The CEE contenders
One of the simplest and weirdly named startups of the night were local boys Ernest Istvany and Jakub Belescak of UFFEE.com. This Prague startup is in its very early stages, aggregating all the content from websites you choose into one feed – your own magazine all about you. Ultimately, user affiliate clicks will generate income and users can sign up for a free account now. The judges clearly disliked this pitch, with one even commanding the room and asking who even understood what the startup was about. Uffee weren’t great talkers and the pitch wasn’t great, but to humiliate a young startup in a room of peers was harsh.
With only a 2% conversion rate when customers visit e-tailers, Marketizator seeks to increase this to 20% by localising and personalising a user’s experience of the site. After leaving a site people are directed to a short questionnaire, which then impacts their next visit. The results are analysed and remembered for their next visit, then repeated. Currently, there are three subscription models available and it has been adopted by seven e-commerce sites, and tested on one million visitors. Romanian CEO Valentin Radu, pitched like a man who knew he is on a good thing. He ticked the boxes for a good pitch and waited for the accolade. The only criticism from the judges was that he isn’t charging enough for the service.
The other Prague-based team was Zonio, pitched by co-founder Pavel Tuma. The team have created a smarter calendar for scheduling meetings within an organisation, which integrates a visual representation of user availability across different platforms. They are looking to make money on hosting and license fees from enterprises that have 10 to 250 employees. Now they need more customers. It’s a solid idea, simplifying the chore of a hundred emails back and forth to schedule one meeting. Tuma seemed fairly disinterested in his own pitch, there was no energy and he failed to generate any excitement in the room.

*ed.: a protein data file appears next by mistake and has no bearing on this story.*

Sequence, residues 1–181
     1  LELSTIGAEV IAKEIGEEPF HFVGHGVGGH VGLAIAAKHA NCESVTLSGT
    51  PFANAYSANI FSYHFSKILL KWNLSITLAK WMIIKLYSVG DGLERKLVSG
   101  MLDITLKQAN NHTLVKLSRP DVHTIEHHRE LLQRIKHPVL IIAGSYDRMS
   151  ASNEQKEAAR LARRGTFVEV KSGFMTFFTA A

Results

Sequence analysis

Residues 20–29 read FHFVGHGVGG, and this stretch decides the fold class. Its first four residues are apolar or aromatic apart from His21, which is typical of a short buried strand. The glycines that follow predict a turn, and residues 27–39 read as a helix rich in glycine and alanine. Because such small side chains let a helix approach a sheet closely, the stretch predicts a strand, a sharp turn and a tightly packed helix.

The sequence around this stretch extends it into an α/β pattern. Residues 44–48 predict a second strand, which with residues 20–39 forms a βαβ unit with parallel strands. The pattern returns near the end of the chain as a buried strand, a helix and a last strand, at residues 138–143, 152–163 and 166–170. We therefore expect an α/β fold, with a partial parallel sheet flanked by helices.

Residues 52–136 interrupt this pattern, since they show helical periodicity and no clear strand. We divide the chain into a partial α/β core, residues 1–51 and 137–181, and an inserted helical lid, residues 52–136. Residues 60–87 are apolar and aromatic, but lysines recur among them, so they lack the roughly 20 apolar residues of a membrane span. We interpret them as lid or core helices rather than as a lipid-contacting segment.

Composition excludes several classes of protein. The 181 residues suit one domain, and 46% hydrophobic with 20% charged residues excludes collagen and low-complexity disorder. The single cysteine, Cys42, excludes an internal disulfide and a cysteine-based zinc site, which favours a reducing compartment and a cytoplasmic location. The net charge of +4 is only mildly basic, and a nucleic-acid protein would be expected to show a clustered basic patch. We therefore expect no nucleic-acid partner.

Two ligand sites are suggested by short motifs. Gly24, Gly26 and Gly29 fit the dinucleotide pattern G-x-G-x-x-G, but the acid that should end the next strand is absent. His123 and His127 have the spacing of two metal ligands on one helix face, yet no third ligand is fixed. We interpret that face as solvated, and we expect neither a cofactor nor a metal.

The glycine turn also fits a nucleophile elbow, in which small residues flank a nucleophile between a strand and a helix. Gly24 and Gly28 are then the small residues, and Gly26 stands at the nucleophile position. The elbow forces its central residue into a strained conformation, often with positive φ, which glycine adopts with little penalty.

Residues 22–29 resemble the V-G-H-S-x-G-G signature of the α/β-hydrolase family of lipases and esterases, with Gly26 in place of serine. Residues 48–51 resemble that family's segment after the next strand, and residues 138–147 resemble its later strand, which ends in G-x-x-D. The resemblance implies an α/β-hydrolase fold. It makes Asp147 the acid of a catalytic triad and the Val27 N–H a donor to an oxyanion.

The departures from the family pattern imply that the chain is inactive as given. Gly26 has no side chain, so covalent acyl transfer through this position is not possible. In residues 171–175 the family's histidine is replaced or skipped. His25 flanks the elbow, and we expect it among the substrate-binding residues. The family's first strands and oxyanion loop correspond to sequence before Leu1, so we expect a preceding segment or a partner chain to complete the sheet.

On a technical note
Portfoleo was the second pitch of the night and they were first to be unable to get a PowerPoint presentation to play on cue – but they weren’t the last. All pitching startups had plenty of time to get their presentations set, yet over half couldn’t get their stuff ready to go. These glitches are endemic to startup pitching events and it isn’t good enough. I struggle to keep interested in pitches that can’t even get the small things right.
Winners and not winners
Marketizator was judged the winner of the night, followed by Portfoleo second, Zonio third and feeligo fourth. The evening was similar to the Pioneers Unplugged travelling around Europe, however the rally is focused on pitches and investor feedback. With more events like this hitting our calendars, there has to be some innovation to make it worthwhile for all attendees. The rally idea is a good gimmick to start, but it needs more if it is going to stand out and be a serious player for the time and money of the startup scene.